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Why no one makes hypocycloid gearboxes

Gearboxes can turn a weak fast motor and you need

When you buy a Marginally Clever robot kit, you don’t just get an awesome robot. You push the boundaries of science and engineering by funding my research. It’s a bit like I’m trying to run a personal Skunkworks.

You’ve heard me talk often on this site about my desire to build robot arms for less and make them for everyone. I need a gearbox so I can build the arms with affordable 3d printer electronics and hardware. Gearboxes transform weak but fast motors into slow but strong motors. Not every gearbox is right for robots. A good candidate is a hypocycloid, cousin of the harmonic gearbox.

these video’s aren’t mine. They are here to illustrate the concept.

I spent $3000 on a prototype that doesn’t work. In spite of the incredible tolerances and the top quality machining, we couldn’t get the gearbox to run without binding or jamming. More on that at the link, as well as details on my progress with the robot arm.

On the bright side, I can share my progress and save each of you a small fortune. Plus I haven’t given up. At a recent Bring-a-hack dinner after the 2015 Bay Area Maker Faire I got a number of great tips and suggestions about how to try again. They ranged everywhere from “run a kickstarter to fund more development” to “add more lasers”.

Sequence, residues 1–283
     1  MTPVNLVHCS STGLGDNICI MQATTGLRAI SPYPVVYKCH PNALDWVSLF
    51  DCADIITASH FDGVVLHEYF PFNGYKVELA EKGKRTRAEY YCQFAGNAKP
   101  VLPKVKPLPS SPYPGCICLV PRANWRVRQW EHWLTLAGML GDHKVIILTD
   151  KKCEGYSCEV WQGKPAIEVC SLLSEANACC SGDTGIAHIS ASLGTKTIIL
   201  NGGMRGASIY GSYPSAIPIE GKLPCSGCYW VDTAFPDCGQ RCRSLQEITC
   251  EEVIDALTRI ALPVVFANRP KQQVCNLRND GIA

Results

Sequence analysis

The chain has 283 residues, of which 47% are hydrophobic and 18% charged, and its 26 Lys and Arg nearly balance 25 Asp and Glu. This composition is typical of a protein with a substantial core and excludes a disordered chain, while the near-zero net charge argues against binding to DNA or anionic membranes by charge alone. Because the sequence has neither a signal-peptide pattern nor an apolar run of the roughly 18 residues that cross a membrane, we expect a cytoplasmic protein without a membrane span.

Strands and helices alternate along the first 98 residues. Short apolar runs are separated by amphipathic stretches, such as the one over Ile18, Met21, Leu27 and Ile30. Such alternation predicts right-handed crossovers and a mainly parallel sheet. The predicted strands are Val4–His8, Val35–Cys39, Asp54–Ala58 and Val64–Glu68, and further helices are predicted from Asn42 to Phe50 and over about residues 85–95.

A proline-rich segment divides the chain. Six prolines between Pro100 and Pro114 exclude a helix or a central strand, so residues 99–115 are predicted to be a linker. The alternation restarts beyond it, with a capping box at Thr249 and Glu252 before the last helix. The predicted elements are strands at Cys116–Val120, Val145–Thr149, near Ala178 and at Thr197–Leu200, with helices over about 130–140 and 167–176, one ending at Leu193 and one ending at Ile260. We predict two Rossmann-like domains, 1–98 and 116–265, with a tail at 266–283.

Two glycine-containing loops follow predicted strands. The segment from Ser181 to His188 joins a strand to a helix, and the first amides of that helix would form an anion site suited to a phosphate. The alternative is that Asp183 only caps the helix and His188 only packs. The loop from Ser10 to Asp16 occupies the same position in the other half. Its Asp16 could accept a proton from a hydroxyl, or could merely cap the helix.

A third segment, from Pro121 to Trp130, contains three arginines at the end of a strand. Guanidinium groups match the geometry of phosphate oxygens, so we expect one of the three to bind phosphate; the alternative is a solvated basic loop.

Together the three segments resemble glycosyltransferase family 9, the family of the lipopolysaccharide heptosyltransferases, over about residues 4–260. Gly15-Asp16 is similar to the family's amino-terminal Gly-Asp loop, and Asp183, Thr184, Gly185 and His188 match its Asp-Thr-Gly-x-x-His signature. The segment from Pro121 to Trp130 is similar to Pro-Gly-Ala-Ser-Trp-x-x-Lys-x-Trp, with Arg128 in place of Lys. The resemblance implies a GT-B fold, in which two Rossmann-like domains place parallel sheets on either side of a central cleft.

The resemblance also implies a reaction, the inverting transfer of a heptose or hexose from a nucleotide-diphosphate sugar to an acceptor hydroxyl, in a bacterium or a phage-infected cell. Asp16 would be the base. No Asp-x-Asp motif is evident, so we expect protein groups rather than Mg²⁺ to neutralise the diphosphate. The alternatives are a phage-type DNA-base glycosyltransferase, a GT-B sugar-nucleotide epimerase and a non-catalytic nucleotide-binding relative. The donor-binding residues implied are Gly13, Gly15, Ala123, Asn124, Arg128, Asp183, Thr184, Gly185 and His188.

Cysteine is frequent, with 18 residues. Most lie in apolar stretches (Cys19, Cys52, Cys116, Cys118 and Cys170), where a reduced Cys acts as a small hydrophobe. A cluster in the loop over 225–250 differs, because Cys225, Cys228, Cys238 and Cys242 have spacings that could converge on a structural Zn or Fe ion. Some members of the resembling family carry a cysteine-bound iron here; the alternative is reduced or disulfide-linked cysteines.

Do you have any ideas why the gearbox doesn’t work? Have you tried to make a hypocycloid or a zero-backlash gearbox? Comment below.

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One thought on “Why no one makes hypocycloid gearboxes

  1. Hi Dan,

    I know I am resurrecting an old post, but speed reducers are my baliwick (I have my own speed reducer startup, basically started because I didn’t like cycloidal or harmonic type speed reducers).

    Here are a couple of papers by a friend of mine, where we tried to build ‘high quality’ cycloids, and it details some of our troubles.

    In a nutshell, it is very hard to get simultaneous multipoint contact going on, at the correct locations. While your cycloid may in theory allow for n=teeth points of contact, in practice you will either be extremely overconstrained, or only running on a subset of teeth.

    The guys at Nabtesco are very good at making cycloids, and it is a bit of black magic to get them working well.

    Feel free to ping me back, if you ever want to talk drive trains.

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